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Article: The impact of COVID-19 on the textile industry

L'impact du COVID-19 sur l'industrie textile

The impact of COVID-19 on the textile industry

Since the end of February, France has found itself on the front line of the spread of the COVID-19 epidemic. In order to stem this pandemic, the French government has ordered the closure, from March 15, 2020 and for an indefinite period, of all non-essential businesses, such as bars, restaurants and clothing stores.

If this new measure directly affects the activity of the textile industry, the latter has in reality been impacted by the COVID-19 epidemic since December 2019. We will probably have to wait several months to have a quantified assessment of the impact of the COVID-19 health crisis on the textile industry, it is however already certain that the sector is hard hit by the repercussions of the epidemic.

First repercussion: supply difficulties

It all started in China, in December 2019, as the epidemic spread from the city of Wuhan. Gradually, as the Chinese authorities take stock of the health crisis they are facing, they impose drastic containment measures. Since then, many factories are closing across the country, even though China represents 30% of global industrial production.

The closure of Chinese factories has had a differentiated impact on sectors of the textile industry. Indeed, while the luxury industry and premium brands have been less exposed (notably because part of their production is carried out in Europe), the “fast-fashion” sector (the major brands with ultra-renewals fast of their collections) was the most affected. Entry-level and mid-range brands have suffered particularly, as the latter's economic model requires just-in-time production. In functional terms in fashion, this is what we call the sourcing impact: the more companies depended on Chinese factories to supply their stocks, the more painfully their closure was felt.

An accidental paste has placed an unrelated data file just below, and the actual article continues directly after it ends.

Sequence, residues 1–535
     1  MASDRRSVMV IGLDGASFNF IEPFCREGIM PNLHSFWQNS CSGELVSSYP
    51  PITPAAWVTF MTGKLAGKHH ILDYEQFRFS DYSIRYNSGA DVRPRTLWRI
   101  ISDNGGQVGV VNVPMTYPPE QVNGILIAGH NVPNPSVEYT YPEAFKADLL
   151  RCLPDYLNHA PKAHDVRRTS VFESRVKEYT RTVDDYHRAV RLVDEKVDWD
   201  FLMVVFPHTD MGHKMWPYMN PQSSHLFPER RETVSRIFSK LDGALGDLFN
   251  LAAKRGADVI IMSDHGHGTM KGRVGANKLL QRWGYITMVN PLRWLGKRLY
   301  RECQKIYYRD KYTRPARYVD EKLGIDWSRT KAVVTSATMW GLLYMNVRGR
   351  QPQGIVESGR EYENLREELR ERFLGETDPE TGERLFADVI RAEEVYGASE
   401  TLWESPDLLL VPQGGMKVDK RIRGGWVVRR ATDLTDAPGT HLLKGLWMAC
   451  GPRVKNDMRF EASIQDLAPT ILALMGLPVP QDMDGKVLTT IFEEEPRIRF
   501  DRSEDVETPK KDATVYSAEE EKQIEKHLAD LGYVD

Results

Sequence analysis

This supply crisis in the textile industry has therefore raised the question of changing their sourcing for many companies. That is to say, relocalizing all or part of their production to other countries or regions, notably Eastern Europe or the Maghreb. However, even a partial shift in production involves numerous legal, financial and logistical challenges.

If the luxury sector had been relatively spared from these supply problems, this is no longer the case since the North of Italy, particularly Lombardy (whose capital, Milan, is a major destination for fashion industry), is affected by the COVID-19 epidemic. Indeed, many textile industries supplying luxury brands are located in this region, which has been in confinement since March 8, 2020.

The supply difficulties linked to the confinement of several regions of China, and more recently of Europe, are not unique to the textile industry, with many other industries being dependent on factories located in regions affected by the epidemic. The clothing sector, however, has a particularity: the industry operates in "collections" (at least two per year, often more), the clothing or accessory quickly becomes obsolete. Therefore, a delay or partial or total stoppage of production is difficult to recover from. Even more, the impact should be felt for several months after the end of confinement as the majority of major brands plan and produce their collections 8 to 12 months in advance. The collections for the fall-winter 2020 season are therefore likely to be significantly disrupted.

Second repercussion: a fall in consumption